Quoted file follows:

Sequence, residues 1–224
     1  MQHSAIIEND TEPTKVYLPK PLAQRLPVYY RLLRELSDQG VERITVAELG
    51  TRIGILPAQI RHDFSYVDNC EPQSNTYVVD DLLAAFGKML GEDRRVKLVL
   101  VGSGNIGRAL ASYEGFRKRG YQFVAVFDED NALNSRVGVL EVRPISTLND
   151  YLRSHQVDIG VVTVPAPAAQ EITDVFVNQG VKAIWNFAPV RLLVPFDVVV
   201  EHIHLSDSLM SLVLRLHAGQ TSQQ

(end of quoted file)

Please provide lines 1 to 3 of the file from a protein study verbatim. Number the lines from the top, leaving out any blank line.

Sequence, residues 1–224
     1  MQHSAIIEND TEPTKVYLPK PLAQRLPVYY RLLRELSDQG VERITVAELG
    51  TRIGILPAQI RHDFSYVDNC EPQSNTYVVD DLLAAFGKML GEDRRVKLVL